Nathaniel Cannon and the Secret of the Dutchman’s Cross No. 65

Hanging onto a framing member in the cargo hold, Emma plugged her headset into the intercom panel, and leaned out through the open cargo door into the slipstream. “Slower!” she shouted into the microphone.

“Merde,” she heard in reply. Hydraulics whined as the landing gear lowered. Emma braced herself against the thump which shook the plane as they locked down. Slowly, the truck gained ground.

Emma pushed herself back into the hold, checked her knots—she’d tied two ropes, one knotted for climbing, through holes in the framing beams—then played the ropes out the door.

Tracers shot past, and Emma caught herself just before she dove for cover. A British plane roared just overhead. “Where the hell are our escorts?” Emma yelled, watching the British fighter bank away. She looked back to the ropes and added, “A little more left!”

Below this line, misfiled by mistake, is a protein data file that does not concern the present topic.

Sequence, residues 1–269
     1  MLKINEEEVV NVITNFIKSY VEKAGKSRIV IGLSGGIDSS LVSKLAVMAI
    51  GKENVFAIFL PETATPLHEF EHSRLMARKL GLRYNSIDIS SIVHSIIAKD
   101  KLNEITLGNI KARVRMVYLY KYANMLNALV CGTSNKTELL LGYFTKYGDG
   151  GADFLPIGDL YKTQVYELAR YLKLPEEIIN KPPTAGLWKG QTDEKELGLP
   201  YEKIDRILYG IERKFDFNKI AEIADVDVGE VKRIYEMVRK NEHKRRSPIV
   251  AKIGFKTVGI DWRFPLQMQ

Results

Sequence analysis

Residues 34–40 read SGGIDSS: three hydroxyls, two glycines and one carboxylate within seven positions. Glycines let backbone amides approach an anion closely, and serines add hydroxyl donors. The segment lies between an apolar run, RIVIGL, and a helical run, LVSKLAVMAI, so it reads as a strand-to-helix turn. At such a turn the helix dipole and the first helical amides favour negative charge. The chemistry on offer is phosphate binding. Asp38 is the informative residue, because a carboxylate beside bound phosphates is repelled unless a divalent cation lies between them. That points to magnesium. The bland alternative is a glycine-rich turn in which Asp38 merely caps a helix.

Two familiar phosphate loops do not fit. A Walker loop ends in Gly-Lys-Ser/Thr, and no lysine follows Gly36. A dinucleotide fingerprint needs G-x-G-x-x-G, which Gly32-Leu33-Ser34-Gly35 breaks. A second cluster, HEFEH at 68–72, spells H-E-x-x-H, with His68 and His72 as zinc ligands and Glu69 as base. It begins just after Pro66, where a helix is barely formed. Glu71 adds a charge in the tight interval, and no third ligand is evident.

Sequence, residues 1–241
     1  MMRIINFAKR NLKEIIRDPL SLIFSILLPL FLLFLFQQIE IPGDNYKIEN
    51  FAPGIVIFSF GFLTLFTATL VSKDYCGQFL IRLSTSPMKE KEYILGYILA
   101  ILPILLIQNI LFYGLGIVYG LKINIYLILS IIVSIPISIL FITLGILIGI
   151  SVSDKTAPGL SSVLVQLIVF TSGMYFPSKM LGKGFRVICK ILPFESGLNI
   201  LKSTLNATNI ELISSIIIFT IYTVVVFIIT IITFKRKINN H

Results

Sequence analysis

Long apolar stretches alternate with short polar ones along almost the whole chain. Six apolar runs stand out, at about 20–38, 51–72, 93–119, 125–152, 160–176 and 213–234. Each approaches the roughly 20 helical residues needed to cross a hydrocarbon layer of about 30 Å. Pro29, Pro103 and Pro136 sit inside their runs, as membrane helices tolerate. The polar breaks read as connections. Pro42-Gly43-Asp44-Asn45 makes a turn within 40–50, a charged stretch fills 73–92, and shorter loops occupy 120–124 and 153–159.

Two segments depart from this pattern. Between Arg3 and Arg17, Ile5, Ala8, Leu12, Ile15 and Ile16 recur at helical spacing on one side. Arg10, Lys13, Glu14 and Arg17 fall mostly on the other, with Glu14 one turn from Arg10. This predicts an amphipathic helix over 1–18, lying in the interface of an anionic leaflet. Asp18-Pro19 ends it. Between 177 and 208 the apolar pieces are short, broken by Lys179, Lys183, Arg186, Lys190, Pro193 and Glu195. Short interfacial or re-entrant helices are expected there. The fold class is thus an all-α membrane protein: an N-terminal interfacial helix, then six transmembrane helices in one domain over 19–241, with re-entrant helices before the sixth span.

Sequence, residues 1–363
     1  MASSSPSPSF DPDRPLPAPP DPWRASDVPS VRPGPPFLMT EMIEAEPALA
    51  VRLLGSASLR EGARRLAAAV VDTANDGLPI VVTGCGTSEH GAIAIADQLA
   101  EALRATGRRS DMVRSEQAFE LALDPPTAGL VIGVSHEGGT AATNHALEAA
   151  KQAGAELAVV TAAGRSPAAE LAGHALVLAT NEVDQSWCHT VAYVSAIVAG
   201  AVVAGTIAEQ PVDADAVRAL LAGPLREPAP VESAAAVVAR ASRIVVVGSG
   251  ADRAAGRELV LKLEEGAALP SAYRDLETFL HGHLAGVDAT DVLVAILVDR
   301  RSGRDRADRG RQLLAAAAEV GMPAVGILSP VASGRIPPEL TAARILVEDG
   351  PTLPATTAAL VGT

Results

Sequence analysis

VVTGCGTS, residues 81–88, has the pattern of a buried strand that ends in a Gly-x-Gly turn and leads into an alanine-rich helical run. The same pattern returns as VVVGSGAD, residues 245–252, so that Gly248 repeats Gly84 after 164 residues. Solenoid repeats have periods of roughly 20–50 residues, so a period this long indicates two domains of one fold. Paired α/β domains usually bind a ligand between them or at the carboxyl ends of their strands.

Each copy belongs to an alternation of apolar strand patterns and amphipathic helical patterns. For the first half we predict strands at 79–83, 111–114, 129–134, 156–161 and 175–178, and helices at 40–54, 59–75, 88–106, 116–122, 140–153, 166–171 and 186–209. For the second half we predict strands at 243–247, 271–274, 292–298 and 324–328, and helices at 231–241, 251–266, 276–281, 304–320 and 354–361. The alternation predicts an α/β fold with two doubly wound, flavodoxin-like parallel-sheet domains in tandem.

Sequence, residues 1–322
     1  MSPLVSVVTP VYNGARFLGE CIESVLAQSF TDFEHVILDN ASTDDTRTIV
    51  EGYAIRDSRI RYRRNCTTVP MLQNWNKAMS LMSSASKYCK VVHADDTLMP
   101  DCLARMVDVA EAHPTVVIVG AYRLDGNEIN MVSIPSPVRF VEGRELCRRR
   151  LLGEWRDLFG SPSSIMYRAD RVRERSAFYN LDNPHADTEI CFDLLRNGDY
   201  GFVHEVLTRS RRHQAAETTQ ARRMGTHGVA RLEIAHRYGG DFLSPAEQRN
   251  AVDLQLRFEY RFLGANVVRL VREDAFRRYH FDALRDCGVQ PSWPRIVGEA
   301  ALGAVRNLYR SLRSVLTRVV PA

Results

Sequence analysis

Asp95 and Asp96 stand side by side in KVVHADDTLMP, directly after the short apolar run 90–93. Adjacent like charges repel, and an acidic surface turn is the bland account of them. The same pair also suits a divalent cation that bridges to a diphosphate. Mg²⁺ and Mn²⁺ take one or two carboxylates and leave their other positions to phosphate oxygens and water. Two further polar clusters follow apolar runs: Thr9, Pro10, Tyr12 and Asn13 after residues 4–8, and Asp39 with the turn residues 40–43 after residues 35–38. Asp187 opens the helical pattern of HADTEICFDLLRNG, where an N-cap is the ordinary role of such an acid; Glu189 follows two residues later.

Burr reached out for the ropes trailing the plane as di Giacomo emptied a magazine toward the British truck. Tantalizingly, the ropes swung closer, one brushing Burr’s fingertips before it fluttered away again. Splinters flew by as the truck smashed through the barrier at the start of the breakwater, and the truck bounced harshly onto the dirt road. Burr nearly lost her footing, reached out again, and swore as the end of the rope seesawed just beyond her grasp.

“Now wou’ be a guid time,” Iseabail said.

Burr bit back a nasty retort, then her face lit up. She grabbed her borrowed machine gun, spun it around to hold it by the barrel, and hooked the ropes with the stock. “Tie him in,” she said, passing the plain rope to Iseabail. The knotted one she tied around the cab’s passenger window. “Pietro! Go!”

di Giacomo dropped his gun, jumped onto the cab, looped his arms and legs around the rope, and shimmied up.

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